I’ve heard you say that you prefer not to self-identify as an “older runner.” I can see how that attitude might be advantageous, but I’m sure your training is different now than when you were younger. How do you find a balance between not seeing your age as an obstacle, while also not having unrealistic expectations of what your body can handle compared to what you may have been doing 15 years ago?
Well, the fact is that I am 44 years old and I can’t deny that. But do I feel like a 44-year-old? No. Do I run like one? No. So, what do I consider myself? I consider myself an elite athlete and at the end of the day I train like an elite marathoner and do everything that they do. But do I feel capable of what I used to do when I was younger, in my mid-twenties or thirties? No. And that’s the truth. But I’m not racing the same distances that I was running at that age. I’m running marathons now. The reality is that I’m not as fast as I used to be, but I’m fast enough to compete at the distance that I’m running.
In your book, you repeatedly mention the connection you have with Meb Keflezighi and Bernard Lagat—two other African expatriates from your generation who became star runners and were competitive into their forties. Do you guys have a special secret? I know Lagat takes like a month off every year. Seems to have served him well.
I did the same thing as Kip (Lagat) when we were both running track, because we were both training in Tucson. We’d take four weeks of no running and just letting the body recover. I think that served us well, me and Bernard, and I think Meb used to do the same thing, too. A lot of people don’t understand that you can’t just keep training, training, training. A lot of people will run a race and instead of taking time off they will take a couple days easy and then, they’re already back to fully training. So, yeah, I think part of what served us well to have had long careers is that recovery.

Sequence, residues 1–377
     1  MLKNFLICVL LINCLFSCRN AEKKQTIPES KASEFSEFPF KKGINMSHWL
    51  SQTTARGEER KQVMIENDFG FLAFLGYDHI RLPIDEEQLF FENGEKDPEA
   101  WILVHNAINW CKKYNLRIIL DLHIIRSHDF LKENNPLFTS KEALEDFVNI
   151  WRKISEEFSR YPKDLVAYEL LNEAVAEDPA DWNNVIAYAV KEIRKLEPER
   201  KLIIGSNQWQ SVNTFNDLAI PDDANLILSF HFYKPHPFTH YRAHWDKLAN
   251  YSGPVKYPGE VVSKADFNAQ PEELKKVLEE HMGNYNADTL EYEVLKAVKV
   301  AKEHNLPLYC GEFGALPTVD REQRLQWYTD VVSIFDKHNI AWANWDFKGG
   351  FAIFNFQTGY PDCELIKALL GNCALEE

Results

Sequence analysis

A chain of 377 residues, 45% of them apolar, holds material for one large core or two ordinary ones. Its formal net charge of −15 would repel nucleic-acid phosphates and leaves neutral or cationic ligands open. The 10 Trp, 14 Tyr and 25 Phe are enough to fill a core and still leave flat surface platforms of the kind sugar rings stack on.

A few times in your book, you mention specific workouts that you did and the paces that you were running. For example, you mention that before the 2012 London Olympics, you did 12 x 1K with one minute rest in 2:45 and a 20-mile progression run starting at 5:10 and working down to miles in the 4:40s. Fans of the sport really appreciate that level of detail. With the Olympic marathon one month away, would you be willing to reveal any big workouts that you still have planned? Or is that an Abdi secret until after the race?
No secrets! I don’t mind telling people what I do. I just don’t like putting it on social media and talking about it, or tweeting about it. That’s just me. Look, the bread and butter workout for a marathon build-up would have to be the long run. 12 x 1K is also great, but the most important thing for a marathon build-up will always be your long runs. Since I’ve done plenty of those, all that remains at this point is just sharpening up: a lot of Ks and short intervals. Last week, I did seven times three minutes, seven times two minutes, and seven times one minute—each set a little faster. I started with 4:50 per-mile pace and got down to, like, 4:25 per-mile for the one-minute reps.
What paces do you do the long run at?
Well, we do them at altitude and the course is a little bit challenging, but we start at like six-minute per mile pace and get down to 5:20 to 5:00 pace.
Final question on strategy. You have a reputation as a shrewd racer, so championships style races suit you well. And even though the Olympic marathon has been moved from Tokyo to Sapporo, it could still be pretty warm. Are you hoping for a hot day?
I’m just hoping for a good race and I’m going to prepare myself as well as I can. As you say, I have done well in championship-style races, like New York or Boston. Any race where there’s no pacer. It might get hot, but the more people complain about the conditions and the weather, the better it is for me because I see the weather as the great equalizer. So, let the best man win the race.